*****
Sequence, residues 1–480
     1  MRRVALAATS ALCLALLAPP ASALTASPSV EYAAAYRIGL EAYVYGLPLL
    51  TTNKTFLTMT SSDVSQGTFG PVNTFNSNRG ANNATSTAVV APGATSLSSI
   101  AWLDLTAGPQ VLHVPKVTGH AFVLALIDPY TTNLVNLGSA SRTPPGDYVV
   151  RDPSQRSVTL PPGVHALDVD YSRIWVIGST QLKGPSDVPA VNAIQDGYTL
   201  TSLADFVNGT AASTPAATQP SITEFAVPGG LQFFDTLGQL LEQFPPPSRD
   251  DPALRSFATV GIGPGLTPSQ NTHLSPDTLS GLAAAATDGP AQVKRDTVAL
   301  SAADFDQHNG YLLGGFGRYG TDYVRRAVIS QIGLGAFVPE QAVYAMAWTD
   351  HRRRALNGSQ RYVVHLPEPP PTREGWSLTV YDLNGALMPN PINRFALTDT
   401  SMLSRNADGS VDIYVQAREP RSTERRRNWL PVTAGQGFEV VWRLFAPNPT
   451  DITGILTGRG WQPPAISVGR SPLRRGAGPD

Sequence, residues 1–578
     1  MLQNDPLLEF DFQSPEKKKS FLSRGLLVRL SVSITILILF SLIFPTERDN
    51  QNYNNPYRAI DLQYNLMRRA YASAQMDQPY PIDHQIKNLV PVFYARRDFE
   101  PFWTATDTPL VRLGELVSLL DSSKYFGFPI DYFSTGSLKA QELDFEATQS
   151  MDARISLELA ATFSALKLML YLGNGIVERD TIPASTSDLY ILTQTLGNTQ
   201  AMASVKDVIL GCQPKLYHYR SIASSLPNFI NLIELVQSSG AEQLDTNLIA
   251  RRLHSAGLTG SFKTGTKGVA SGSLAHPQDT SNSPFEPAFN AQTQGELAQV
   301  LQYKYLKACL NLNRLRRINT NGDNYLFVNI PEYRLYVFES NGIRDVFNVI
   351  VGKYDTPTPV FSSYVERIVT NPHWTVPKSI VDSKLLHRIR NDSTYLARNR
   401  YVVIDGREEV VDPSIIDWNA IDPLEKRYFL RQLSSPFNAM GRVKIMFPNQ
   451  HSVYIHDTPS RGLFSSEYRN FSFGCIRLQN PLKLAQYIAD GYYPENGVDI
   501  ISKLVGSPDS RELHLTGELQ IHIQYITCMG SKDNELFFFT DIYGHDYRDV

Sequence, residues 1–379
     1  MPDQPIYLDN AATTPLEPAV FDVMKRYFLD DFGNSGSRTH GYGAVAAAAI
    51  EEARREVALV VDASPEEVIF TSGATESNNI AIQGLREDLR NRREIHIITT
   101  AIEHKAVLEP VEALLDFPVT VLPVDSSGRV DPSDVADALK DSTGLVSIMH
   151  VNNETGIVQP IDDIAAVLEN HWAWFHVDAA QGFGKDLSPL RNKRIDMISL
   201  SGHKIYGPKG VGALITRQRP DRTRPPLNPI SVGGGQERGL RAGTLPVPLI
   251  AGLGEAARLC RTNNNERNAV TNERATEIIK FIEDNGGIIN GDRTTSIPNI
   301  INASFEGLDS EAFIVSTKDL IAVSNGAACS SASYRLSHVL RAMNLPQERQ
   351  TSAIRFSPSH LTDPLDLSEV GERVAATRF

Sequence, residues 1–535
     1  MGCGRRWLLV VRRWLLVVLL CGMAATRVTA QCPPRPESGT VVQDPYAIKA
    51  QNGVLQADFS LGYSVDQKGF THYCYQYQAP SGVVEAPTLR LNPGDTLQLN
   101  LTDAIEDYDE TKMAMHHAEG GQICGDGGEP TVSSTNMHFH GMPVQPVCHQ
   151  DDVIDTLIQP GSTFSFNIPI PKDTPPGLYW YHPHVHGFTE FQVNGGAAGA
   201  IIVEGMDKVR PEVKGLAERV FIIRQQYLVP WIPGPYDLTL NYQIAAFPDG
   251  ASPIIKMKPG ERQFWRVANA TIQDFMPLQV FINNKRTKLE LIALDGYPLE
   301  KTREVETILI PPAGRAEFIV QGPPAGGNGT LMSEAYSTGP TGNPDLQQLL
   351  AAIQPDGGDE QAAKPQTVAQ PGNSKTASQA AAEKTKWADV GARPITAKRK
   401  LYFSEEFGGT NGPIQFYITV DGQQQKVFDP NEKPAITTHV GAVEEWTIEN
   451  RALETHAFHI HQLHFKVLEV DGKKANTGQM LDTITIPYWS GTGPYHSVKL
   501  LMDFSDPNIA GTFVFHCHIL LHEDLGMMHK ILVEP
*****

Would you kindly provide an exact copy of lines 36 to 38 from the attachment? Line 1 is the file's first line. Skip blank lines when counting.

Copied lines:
   101  LTDAIEDYDE TKMAMHHAEG GQICGDGGEP TVSSTNMHFH GMPVQPVCHQ
   151  DDVIDTLIQP GSTFSFNIPI PKDTPPGLYW YHPHVHGFTE FQVNGGAAGA
   201  IIVEGMDKVR PEVKGLAERV FIIRQQYLVP WIPGPYDLTL NYQIAAFPDG